Dylan Byers of Politico says the uber-blogger has had his heyday. He begins by citing a paragraph from Washingtonian’s profile of Sully:

What the Dish hasn’t done is drive the conversation, as Washingtonians like to say, the way it used to. Since the site went independent in early 2013, only five of its most-viewed posts have attracted more than 100,000 page views. About 781,000 people visit the site every month, a not-unrespectable showing. Then again, that’s fewer readers than Sullivan was attracting at the Atlantic site 3½ years ago. Meanwhile, the number of eyeballs has only grown, and most online media companies are doing everything possible to capture them. The Atlantic, for instance, expanded its site and more than tripled traffic after Sullivan left; it had 16.6 million readers this past March.

Byers adds:

The Andrew Sullivan era of journalism is over. Blogs — defined as “an eclectic, scattered” reverse-chronological journal, “covering everything from foreign policy to TV to religion,” often in the first-person — are all but dead. Sullivan is the last of the Mohicans, which is a testament to his success. He was there in the beginning, and he’ll probably be there to turn the lights out after everyone has left.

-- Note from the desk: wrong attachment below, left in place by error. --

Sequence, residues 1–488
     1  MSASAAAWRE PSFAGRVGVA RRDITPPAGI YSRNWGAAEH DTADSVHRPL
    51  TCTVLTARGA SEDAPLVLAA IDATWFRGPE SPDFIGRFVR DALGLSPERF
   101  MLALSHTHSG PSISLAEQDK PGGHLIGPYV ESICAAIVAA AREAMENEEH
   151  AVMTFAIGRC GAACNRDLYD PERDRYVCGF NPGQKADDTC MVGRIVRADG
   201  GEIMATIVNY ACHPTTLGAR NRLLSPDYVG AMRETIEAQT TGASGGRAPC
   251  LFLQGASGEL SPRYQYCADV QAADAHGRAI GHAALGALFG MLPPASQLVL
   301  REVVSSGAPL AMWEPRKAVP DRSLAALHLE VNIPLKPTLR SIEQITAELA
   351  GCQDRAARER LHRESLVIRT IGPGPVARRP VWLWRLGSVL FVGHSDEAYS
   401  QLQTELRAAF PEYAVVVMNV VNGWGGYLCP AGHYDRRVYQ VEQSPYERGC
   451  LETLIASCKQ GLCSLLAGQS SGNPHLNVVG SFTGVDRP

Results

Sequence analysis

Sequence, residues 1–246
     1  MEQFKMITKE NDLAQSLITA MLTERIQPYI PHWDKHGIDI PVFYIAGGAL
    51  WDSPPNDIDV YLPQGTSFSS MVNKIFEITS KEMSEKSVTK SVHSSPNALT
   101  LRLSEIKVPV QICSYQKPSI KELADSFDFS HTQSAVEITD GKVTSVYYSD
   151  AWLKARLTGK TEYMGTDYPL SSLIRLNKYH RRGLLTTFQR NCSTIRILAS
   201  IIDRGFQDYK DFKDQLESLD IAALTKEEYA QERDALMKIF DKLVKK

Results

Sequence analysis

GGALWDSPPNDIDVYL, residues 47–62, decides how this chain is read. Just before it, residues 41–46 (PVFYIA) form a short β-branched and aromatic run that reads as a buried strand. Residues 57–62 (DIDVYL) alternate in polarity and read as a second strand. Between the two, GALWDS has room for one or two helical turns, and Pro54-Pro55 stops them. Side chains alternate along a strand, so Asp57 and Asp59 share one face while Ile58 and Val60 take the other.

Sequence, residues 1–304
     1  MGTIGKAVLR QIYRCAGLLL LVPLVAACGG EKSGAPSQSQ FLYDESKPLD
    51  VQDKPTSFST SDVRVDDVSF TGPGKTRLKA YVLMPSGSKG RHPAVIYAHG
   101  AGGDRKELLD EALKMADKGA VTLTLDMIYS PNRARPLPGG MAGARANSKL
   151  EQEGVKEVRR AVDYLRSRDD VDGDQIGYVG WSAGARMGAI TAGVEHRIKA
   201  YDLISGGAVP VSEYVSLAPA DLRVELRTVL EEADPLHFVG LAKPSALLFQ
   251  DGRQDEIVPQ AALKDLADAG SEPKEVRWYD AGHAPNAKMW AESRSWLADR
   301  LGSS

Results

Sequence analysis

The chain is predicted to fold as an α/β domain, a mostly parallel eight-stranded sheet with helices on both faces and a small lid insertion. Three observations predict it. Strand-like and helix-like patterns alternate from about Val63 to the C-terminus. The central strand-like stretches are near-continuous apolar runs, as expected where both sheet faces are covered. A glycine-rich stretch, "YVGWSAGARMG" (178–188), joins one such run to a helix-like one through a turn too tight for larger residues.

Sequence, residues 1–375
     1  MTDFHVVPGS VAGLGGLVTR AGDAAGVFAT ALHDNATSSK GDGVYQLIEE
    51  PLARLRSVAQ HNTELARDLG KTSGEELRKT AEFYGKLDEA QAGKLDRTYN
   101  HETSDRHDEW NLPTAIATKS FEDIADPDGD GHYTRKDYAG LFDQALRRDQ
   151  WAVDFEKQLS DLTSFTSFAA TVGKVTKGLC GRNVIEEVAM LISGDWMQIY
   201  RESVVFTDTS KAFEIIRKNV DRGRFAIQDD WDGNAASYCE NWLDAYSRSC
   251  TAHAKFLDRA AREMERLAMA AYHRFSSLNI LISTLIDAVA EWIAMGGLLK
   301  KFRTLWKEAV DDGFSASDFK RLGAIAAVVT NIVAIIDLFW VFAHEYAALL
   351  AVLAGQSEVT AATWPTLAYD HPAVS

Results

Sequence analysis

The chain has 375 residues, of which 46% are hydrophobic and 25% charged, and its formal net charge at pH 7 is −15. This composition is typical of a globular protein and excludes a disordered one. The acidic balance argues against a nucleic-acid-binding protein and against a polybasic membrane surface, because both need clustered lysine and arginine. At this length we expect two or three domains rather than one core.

More:

For better of worse, the people formerly known as bloggers need to have specialties in order to command a following. Ezra Klein needs to cover domestic policy, Nate Silver needs to make predictions, Ta-Nehisi Coates needs to write about race, and so on and so forth. You can switch beats, but you have to have one.

The appeal of “the blog,” in Sullivan’s heyday, was that if you were smart enough or provocative enough, you could cover whatever you wanted. The truth is, people want breaking news from well-sourced reporters or smart analysis from experts who know what they’re talking about. Sensibility is cheap.